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Search Results for ' Honeybee diseases'

PAL Questions: 1 - Garden Tools:

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Keywords: Honeybees, Honeybee diseases, Attracting wildlife

PAL Question:

Apparently there has been some mystery about struggling honeybees lately, and today I saw what appeared to be a honeybee frantically grooming herself on a strip-upholstered lawn chair. I didn't know what to do for the creature, who eventually blew or flew away. What should I do if I see this in the future? Also, does the grooming behavior inform the mystery in any way?

View Answer:

You may want to talk directly with someone at the Puget Sound Beekeepers Association. They meet at 6:30p.m. every fourth Tuesday of each month except July and December at the Washington Park Arboretum 2200 Arboretum Drive East, Seattle.

The following sites discuss varroa mites and bee behaviors, including grooming:

  • USDA
    Excerpt: "We're not the only ones to brush off an annoying mosquito or other buggy pest. Honey bees, when plagued by tiny tracheal mites, will use their legs like a fine-tooth comb to rid themselves of the life-threatening parasites. But, as entomologists with the Agricultural Research Service recently confirmed, some honey bees groom themselves more fastidiously than others."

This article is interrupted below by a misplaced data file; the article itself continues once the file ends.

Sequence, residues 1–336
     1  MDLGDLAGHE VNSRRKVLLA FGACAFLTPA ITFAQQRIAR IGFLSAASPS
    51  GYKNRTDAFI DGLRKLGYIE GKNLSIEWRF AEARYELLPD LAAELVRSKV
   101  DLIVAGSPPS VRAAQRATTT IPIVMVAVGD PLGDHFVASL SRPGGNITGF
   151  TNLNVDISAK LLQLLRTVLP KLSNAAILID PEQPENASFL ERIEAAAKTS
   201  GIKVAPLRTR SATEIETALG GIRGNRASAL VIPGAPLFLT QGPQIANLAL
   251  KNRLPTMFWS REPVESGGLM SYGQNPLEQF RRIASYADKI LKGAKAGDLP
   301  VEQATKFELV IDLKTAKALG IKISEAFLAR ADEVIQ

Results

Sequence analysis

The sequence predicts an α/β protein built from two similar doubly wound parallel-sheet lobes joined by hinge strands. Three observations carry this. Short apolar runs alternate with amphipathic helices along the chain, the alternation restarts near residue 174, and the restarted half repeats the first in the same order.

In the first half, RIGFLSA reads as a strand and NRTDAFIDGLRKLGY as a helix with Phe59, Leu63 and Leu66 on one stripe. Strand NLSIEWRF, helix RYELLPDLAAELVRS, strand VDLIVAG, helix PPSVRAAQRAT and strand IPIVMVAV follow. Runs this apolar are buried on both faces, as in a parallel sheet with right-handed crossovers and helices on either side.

• Dave Cushman's bee site
  • Wikipedia page on varroa mites

The Sustainable Agriculture Research and Education website has information on honeybees and varroa mites, including breeding bees for grooming behavior. Here is an excerpt:
"Bees bred for hygienic behavior are able to detect and physically remove disease-infected brood from the colony before it becomes infectious. Hygienic bees are able to detect and remove diseased brood before the human eye can detect any sign of disease symptoms. When bees remove the disease in the non-infectious stage, it prevents the disease from spreading throughout the colony."

Studies of colony collapse disorder are underway at Washington State University: WSU Research news

What you observed in your garden could actually be a sign of a bee fighting off the mites. The best thing you can do is to grow a wide range of bee-attracting plants in your garden, avoid the use of pesticides, and encourage your neighbors to do the same. Below are links to information on bee gardening:
UC Berkeley Urban Bee Lab's Gardening for Bees
Puget Sound Beekeepers Association list of honey bee-friendly plants for the Puget Sound area
University of Illinois, Champaign-Urbana
Xerces Society list of Pacific Northwest Plants for Native Bees

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Date 2008-06-07
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June 24 2013 12:55:25

 
 
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